Participants spoke about inconsistency, ambiguity, and mixed messages with specific respect to health authorities’ recommendations on mask use. The inconsistencies left the participants uncertain about whether to wear masks in public areas, and whether for the protection of oneself or others (e.g., “[T]here was also some confusion that came from the World Health Organization, through Dr. Tam at the start too: should you wear it, should you not wear it… you know that uncertainty… create some uncertainty in my mind”). The inconsistencies and contradictions in public health recommendations not only frustrated the participants (e.g., “We were told, remember, early on, not to wear masks… so that's annoying because we should have been wearing masks all the time”), it also created public skepticism and mistrust toward health authorities (e.g., “I think by switching the message around, it just fosters mistrust”).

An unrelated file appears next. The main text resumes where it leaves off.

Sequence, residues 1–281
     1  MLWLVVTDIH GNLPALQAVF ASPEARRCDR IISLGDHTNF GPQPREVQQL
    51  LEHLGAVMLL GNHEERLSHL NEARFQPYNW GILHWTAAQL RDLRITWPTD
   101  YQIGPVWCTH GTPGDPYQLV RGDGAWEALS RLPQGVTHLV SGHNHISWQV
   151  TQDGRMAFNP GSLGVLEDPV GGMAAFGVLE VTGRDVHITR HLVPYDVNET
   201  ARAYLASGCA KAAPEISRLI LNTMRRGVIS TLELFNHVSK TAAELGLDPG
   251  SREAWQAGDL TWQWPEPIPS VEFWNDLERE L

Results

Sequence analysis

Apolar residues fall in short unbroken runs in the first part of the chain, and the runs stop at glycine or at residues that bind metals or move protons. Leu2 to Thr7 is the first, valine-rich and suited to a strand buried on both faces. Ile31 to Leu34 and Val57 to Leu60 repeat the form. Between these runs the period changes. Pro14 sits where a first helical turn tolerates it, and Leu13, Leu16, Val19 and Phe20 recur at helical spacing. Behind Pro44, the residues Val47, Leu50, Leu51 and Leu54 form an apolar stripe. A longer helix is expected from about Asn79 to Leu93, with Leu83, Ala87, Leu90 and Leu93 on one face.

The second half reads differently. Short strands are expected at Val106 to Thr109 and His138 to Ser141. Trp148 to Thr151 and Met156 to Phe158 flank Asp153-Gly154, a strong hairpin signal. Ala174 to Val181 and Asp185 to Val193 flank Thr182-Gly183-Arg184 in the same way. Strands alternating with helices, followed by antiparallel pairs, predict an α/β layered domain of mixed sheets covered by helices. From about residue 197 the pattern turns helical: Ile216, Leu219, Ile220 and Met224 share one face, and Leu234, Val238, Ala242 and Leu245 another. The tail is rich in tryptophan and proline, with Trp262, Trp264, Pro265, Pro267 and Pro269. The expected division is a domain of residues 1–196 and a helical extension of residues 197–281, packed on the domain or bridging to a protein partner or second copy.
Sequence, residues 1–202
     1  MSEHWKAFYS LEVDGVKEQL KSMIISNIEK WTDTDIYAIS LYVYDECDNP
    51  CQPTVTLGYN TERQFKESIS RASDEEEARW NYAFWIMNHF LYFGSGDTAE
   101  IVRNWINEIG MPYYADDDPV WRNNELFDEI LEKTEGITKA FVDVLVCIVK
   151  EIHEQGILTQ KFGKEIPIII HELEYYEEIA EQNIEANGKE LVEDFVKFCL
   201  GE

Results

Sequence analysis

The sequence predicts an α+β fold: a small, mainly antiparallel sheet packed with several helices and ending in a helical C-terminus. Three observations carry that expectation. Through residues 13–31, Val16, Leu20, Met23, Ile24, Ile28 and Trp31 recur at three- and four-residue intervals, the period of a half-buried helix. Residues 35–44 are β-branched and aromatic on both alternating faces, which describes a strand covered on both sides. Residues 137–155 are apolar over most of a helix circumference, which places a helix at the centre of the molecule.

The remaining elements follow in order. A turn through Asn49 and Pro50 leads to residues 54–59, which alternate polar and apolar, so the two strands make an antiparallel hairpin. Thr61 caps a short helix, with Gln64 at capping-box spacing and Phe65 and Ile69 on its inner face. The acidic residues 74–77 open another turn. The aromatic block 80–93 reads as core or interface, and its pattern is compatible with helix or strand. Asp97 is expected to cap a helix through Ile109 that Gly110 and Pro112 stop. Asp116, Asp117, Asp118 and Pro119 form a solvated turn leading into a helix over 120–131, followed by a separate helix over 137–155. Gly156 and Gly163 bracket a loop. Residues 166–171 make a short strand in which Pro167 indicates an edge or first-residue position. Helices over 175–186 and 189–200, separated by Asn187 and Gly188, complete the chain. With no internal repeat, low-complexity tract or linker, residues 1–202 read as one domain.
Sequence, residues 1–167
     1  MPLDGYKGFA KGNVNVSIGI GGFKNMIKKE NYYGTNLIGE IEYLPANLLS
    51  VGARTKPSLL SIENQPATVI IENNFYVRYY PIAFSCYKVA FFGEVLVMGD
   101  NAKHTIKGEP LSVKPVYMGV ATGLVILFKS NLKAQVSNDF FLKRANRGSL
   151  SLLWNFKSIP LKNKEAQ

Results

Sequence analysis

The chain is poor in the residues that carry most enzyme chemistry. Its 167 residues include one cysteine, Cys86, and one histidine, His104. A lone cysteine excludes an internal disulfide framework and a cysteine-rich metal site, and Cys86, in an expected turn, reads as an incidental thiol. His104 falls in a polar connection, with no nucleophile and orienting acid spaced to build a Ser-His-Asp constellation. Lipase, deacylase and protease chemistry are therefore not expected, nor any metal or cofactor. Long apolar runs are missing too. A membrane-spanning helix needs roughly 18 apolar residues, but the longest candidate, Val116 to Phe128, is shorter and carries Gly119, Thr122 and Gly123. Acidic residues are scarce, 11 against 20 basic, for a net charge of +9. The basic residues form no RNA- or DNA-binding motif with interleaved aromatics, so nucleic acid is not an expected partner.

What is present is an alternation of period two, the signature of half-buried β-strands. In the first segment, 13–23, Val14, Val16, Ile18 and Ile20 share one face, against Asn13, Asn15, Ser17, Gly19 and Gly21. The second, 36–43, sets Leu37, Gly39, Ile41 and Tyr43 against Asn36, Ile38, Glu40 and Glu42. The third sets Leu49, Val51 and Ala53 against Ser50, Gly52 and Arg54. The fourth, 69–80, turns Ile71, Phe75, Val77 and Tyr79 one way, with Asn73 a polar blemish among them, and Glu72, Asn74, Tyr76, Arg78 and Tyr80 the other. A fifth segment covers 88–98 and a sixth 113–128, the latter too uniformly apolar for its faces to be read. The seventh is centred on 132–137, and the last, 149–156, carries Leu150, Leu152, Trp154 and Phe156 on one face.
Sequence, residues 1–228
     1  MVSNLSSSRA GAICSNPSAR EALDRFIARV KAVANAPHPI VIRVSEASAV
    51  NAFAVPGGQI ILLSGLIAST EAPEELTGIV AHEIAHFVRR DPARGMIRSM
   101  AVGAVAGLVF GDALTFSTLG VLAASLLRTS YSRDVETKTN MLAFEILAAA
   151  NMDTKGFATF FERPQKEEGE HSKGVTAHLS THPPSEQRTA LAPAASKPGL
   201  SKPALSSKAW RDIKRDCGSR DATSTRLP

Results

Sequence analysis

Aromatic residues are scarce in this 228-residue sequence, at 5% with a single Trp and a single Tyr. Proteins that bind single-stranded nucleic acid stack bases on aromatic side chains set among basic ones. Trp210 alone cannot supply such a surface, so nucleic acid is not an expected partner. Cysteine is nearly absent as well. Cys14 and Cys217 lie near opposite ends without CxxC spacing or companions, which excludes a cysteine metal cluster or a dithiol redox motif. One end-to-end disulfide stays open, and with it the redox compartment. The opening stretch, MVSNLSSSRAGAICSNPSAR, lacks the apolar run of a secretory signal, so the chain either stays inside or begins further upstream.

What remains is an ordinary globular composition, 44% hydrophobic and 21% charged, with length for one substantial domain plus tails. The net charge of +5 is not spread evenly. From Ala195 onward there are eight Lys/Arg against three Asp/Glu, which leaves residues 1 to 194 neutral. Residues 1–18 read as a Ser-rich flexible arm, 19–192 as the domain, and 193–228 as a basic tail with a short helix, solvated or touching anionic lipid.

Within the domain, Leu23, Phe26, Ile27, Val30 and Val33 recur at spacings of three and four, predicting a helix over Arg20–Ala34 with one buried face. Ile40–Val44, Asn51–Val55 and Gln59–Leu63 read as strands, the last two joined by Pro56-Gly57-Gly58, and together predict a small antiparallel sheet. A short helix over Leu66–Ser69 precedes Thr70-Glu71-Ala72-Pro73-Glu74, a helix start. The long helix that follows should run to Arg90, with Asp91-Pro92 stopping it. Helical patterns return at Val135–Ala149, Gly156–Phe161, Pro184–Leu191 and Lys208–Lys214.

Information Wanted—The Proper Use, Effectiveness, and Benefits of Face Masks